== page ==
Money & Banking

FinMin shows the way for smooth conduct of PSBs’ board business

KR Srivats New Delhi | Updated on January 28, 2021

Devises a go-around strategy when decisions are held up at board-level committees

The Finance Ministry has empowered Public Sector Banks’ (PSBs) boards to go ahead and act on the decisions that remained held up at various board-level committees due to the absence of quorum arising from vacancies or recusal by existing directors.

This move will facilitate the appointment of some categories of directors on boards. It will also facilitate the smooth conduct of business where quorum is not available in some of the committees like Nomination and Remuneration Committee, said sources in the banking industry.

The Department of Financial Services has introduced a special provision in the Nationalised Banks (Management and Miscellaneous Provisions) Scheme 1970, as well as a similar scheme introduced in the year 1980 (1970 and 1980 saw the nationalisation of several banks through enactment of Banking Companies (Acquisition and Transfer of Undertakings) Act).

This Finance Ministry move will give opportunities for several PSBs to fill vacancies, said a chief executive of a Public Sector Bank.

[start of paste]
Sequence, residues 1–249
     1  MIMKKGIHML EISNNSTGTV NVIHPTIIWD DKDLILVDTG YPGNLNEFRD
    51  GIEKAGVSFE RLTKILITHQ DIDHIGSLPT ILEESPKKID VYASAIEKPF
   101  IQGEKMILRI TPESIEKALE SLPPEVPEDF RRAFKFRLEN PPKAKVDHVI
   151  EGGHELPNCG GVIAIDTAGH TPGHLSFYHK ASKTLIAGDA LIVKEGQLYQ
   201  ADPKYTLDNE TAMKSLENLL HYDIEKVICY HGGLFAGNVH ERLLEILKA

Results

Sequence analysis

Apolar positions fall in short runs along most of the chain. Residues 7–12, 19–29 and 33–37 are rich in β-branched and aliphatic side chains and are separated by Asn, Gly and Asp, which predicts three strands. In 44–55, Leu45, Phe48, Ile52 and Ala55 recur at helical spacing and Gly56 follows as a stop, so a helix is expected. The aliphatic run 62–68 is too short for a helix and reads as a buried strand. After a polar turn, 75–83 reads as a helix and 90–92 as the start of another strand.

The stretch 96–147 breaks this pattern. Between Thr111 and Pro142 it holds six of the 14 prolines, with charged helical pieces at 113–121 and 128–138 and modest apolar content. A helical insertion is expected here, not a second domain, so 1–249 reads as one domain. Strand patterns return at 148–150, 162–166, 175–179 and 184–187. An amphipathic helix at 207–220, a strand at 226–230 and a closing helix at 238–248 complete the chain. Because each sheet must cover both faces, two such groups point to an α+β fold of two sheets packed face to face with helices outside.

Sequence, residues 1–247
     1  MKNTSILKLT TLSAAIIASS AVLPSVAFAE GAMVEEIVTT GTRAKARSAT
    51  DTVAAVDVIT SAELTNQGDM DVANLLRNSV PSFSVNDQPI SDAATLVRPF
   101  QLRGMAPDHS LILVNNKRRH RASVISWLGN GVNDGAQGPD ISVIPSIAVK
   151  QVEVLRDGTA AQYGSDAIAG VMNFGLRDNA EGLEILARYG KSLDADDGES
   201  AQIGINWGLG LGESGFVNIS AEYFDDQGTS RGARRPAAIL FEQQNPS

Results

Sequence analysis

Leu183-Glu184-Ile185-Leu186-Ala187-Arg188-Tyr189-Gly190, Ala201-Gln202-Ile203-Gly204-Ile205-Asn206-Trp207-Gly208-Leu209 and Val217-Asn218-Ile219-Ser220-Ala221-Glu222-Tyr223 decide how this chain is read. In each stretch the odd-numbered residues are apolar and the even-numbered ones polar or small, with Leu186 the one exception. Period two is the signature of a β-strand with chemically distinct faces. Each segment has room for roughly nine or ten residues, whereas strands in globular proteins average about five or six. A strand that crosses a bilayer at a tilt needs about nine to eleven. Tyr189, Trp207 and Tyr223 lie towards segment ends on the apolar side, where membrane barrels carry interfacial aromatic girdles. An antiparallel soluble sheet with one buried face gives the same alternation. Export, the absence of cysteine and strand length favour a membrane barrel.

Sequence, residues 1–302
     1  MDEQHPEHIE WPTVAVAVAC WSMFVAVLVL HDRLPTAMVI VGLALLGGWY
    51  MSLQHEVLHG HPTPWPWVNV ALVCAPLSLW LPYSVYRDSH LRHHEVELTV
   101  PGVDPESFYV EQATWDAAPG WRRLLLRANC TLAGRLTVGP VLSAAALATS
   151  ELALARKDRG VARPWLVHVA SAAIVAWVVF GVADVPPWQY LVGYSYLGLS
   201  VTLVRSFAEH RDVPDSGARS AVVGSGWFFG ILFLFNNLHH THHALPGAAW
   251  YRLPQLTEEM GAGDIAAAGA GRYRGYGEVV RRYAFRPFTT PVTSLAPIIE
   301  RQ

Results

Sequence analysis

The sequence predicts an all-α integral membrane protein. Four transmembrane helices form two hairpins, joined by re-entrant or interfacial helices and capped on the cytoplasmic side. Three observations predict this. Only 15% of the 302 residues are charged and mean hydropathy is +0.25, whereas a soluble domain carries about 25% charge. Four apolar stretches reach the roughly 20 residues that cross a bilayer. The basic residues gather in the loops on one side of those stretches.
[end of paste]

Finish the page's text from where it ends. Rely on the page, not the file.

For instance, Punjab National Bank will, on the strength of this DFS move, look to rope in another director to its board, said SS Mallikarjuna Rao, MD and CEO. “We can now move forward in getting another director in a particular category,” he said.

In most PSB boards there are very few directors with vacancies pending for last few years. Now, this DFS move will help fill some vacancies even if the Nomination and Recruitment Committee (which by law has to be headed by an independent director) is not functional.

Approval of the NRC

For instance, one needs the approval of the NRC to be appointed as shareholder director in a bank. Where NRCs were not in place due to the absence of directors, shareholder directors were not getting appointed, another banker pointed out.

The DFS move will also come handy for those PSBs where the government holding is coming down due to capital raise via Qualified Institution Placements (QIPs) route. If the public shareholding goes above 16 per cent as a result of any QIP, then the board can have two shareholder directors (one shareholder director for every 16 per cent public shareholding). So, such additional shareholder director cannot get appointed if the bank concerned had no NRC, a public sector banker pointed out.

Srinath Sridharan, an independent markets commentator, told BusinessLine that the point that some of the bank board committees might have vacancies is a valid one.

“Where there are instances when the board committee members recuse for any reason, it would be appropriate to table the ‘reason for recusal’. This transparency would help with proactive governance standards,” he said

Published on January 28, 2021

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